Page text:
Big League Stew

Slumpbot .200: With salary set to soar, Ryan Howard in decline

Alex Remington
Big League Stew

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Using the best technology available to us today, SlumpBot .200 identifies a few players who are currently having a bit of trouble and then offers solutions for performance recovery.

Ryan Howard, Philadelphia Phillies

Data: .246/.342/.453, 18 HR, 73 RBIs, 1 SB, 0 CS, 49 BB/104 K

Malfunction: Ryan Howard is leading the National League in RBIs, and he's on his way to another 30-homer season. Still, if you look a little deeper, the 31-year-old is having a disappointing campaign and a terrible July, with just a .548 OPS in 14 games this month. That's a small sample size, but Howard's decline has been nearly linear: Beginning in 2006, his MVP campaign, his yearly OPS has been the following: 1.084, .976, .881, .931, .859, .795. This would all be worrisome in itself, but his contract makes it positively frightening. Starting next year, the Phillies owe him $125 million through 2016. Is Ryan Howard's bat turning from elite to ordinary?

Diagnosis: Ryan Howard has been one of the ultimate touchstones for the debate about just how useful RBIs are in measuring a hitter's value. The sabermetric answer, of course, is "not very." RBI totals have much more to do with a hitter's teammates — the ones who got on base in order to be driven in — than with the one driving them in.

As Joe Posnanski wrote a week ago:

Howard leads all of baseball with 296 runners on base. He had an amazing 60 game-stretch recently when he hit .223 … and he still drove in 47 runs in those 60 games.

But a low batting average is the least of it. Bill Baer at Crashburn Alley lays out the statistics of the matter: Ryan Howard is in the process of posting career lows in Isolated Power, Weighted On-Base Average, and hitting against left-handed pitchers. {YSP:MORE}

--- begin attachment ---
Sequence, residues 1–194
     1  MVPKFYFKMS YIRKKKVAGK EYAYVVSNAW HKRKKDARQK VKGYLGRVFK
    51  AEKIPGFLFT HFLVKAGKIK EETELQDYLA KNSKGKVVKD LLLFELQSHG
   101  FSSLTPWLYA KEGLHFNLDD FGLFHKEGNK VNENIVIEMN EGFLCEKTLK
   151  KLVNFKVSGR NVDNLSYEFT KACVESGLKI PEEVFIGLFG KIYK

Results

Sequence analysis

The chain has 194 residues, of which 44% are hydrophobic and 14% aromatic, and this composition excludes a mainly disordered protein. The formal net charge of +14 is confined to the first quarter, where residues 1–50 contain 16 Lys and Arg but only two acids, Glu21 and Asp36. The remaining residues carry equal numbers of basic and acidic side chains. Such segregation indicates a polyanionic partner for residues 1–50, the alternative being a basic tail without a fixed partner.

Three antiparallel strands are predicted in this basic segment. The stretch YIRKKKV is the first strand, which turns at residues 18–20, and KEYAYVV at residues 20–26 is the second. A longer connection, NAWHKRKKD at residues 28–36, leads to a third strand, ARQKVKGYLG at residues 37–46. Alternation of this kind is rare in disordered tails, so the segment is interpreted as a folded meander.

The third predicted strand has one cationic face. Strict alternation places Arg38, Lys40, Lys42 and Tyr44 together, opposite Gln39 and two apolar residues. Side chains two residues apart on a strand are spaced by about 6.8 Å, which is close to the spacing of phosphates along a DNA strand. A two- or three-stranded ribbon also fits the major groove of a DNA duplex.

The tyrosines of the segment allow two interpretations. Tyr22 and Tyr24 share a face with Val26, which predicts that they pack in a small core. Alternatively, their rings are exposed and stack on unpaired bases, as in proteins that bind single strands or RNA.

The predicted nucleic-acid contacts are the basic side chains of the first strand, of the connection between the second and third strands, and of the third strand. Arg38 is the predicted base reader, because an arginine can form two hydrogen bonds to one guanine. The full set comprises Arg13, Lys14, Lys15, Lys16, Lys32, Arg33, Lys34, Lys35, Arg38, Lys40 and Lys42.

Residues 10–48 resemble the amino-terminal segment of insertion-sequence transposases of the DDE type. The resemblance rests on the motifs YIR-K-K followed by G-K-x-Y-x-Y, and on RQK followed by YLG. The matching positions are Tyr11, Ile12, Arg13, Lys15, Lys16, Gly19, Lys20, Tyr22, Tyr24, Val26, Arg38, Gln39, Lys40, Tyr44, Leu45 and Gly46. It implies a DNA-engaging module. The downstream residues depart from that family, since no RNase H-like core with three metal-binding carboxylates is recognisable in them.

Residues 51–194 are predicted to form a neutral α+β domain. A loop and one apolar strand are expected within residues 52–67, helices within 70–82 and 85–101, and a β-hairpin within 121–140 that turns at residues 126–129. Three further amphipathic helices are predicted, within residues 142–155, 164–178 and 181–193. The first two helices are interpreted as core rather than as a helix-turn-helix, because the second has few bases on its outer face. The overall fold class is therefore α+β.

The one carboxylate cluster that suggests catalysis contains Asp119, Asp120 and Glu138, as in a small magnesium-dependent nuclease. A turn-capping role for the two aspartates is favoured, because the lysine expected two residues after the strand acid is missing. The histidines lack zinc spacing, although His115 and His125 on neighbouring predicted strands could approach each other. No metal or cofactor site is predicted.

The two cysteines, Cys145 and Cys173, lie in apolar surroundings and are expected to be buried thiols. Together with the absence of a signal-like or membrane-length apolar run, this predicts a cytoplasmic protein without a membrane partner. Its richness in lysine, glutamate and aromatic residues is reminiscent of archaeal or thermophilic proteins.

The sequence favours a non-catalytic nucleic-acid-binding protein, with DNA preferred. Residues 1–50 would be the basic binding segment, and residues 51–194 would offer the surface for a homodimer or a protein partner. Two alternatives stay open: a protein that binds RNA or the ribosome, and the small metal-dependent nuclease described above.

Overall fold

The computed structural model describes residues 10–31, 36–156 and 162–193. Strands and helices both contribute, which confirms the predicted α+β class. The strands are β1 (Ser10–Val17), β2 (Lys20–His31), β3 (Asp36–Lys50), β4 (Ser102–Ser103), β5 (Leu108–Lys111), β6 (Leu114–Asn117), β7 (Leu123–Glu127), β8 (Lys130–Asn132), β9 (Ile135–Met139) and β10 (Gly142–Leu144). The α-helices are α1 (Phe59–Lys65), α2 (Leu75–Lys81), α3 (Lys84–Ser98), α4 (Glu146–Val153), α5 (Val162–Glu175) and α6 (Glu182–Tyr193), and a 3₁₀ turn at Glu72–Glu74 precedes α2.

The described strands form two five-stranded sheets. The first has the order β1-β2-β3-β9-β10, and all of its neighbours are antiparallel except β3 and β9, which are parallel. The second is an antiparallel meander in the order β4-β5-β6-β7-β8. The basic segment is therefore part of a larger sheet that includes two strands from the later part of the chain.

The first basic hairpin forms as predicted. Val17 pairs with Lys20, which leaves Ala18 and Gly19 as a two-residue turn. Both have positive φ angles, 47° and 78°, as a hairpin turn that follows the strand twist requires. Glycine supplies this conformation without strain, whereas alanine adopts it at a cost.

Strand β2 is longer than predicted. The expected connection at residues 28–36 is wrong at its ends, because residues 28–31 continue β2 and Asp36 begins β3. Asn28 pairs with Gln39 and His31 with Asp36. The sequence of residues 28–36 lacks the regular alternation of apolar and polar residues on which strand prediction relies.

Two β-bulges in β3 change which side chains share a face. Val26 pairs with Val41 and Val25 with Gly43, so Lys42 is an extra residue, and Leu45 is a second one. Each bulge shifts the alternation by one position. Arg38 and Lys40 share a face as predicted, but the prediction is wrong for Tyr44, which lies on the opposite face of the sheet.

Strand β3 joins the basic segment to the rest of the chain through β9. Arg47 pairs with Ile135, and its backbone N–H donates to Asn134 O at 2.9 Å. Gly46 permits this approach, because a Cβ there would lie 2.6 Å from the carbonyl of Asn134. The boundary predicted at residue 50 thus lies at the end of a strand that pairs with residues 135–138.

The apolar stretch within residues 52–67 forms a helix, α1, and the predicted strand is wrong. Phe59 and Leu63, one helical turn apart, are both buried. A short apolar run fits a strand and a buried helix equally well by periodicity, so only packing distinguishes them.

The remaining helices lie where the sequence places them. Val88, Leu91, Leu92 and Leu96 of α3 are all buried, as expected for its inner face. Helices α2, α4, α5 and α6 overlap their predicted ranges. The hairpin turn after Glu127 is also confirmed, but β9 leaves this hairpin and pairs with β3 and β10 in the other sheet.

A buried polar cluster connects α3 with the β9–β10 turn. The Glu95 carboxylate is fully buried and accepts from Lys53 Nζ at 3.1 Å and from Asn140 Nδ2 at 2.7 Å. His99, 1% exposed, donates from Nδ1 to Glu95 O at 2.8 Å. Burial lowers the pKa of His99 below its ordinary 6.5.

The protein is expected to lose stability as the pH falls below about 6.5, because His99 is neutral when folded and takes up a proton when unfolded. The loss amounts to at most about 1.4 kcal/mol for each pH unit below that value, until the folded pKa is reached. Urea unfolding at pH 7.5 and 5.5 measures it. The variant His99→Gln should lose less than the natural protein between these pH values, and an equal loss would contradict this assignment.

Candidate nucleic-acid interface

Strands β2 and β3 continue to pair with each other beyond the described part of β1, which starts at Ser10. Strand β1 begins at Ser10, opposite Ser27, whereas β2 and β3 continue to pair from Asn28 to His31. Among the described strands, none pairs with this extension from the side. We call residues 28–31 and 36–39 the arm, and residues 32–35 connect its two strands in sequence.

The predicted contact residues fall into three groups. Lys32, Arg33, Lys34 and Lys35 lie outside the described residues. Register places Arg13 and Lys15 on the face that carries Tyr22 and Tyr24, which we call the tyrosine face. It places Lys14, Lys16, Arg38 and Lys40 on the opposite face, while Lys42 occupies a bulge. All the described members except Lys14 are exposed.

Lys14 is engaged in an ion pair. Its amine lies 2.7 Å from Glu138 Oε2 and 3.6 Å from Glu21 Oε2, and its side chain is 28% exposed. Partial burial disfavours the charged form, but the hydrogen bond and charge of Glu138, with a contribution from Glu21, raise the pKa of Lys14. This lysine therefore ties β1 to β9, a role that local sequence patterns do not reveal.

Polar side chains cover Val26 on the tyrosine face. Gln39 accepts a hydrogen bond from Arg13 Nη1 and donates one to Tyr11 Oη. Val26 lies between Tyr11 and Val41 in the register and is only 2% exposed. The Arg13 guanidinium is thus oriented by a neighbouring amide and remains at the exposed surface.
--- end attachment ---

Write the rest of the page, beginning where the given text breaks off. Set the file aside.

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The drop in Isolated Power — a measure of a hitter's ability to hit for extra bases, calculated by subtracting batting average from slugging percentage — has been particularly precipitous, declining from a spectacular .346 in 2006 to a more ordinary .207 in 2011, lower than his teammate Shane Victorino. Moreover, the collapse in his platoon splits suggests that Howard, who only has a .637 OPS against southpaws this year, may need to be removed from his everyday role when a left-hander is on the mound. Weighted On-Base Average is an overall measure of offensive performance, sort of like a more advanced version of OPS — another measure in which he's posting a career low.

The drop in his Isolated Power is particularly salient for a power hitter like Howard: It's 40 percent lower this year than it was when he won his MVP. But his walk rate this year has declined by nearly a quarter, from 15.3 percent in 2006 to 11.7 percent this year. (He has also cut his strikeouts, but not by quite as much.) If that weren't enough, Fangraphs has Howard as a below-average baserunner and below-average fielder.

That said, Howard is a notorious second-half hitter. For his career, he has an .867 OPS in the first half and a 1.007 OPS in the second half. So it's very possible that he'll catch fire for the rest of the summer and post the kind of numbers we got used to seeing from him before his injury-shortened 2010. However, I noted Howard's traditional second-half bounce in Slumpbot last June, and Howard proceeded to produce an .858 OPS in the second half after posting an .859 OPS in the first half. So it's quite likely that Howard's problems — especially his declining power and walks — are caused by something other than the calendar.

Reboot Directions: Ryan Howard is still a pretty good hitter, particularly in a year in which offense is down across the league. But he isn't very good, and his power has been on a linear decline for six years. Even if his Batting Average on Balls in Play climbs up 34 points to reach his career average, that overall decline is almost sure to continue.

Which other players are struggling?

Justin Smoak, Seattle Mariners .228/.323/.407, 12 HR, 43 RBIs, 0 SB, 0 CS, 44 BB/71 K